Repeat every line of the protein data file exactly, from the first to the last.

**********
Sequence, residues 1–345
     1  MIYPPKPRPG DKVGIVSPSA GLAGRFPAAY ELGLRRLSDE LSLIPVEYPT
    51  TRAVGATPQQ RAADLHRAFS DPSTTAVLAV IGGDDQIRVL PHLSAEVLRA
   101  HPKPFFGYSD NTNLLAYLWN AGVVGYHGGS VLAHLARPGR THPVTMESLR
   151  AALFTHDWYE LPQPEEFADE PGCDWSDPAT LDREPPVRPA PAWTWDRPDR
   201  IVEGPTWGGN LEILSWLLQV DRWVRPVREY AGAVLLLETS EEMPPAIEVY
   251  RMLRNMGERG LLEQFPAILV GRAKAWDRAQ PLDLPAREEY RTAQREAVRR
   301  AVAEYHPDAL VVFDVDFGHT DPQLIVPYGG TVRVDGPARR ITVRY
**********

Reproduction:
Sequence, residues 1–345
     1  MIYPPKPRPG DKVGIVSPSA GLAGRFPAAY ELGLRRLSDE LSLIPVEYPT
    51  TRAVGATPQQ RAADLHRAFS DPSTTAVLAV IGGDDQIRVL PHLSAEVLRA
   101  HPKPFFGYSD NTNLLAYLWN AGVVGYHGGS VLAHLARPGR THPVTMESLR
   151  AALFTHDWYE LPQPEEFADE PGCDWSDPAT LDREPPVRPA PAWTWDRPDR
   201  IVEGPTWGGN LEILSWLLQV DRWVRPVREY AGAVLLLETS EEMPPAIEVY
   251  RMLRNMGERG LLEQFPAILV GRAKAWDRAQ PLDLPAREEY RTAQREAVRR
   301  AVAEYHPDAL VVFDVDFGHT DPQLIVPYGG TVRVDGPARR ITVRY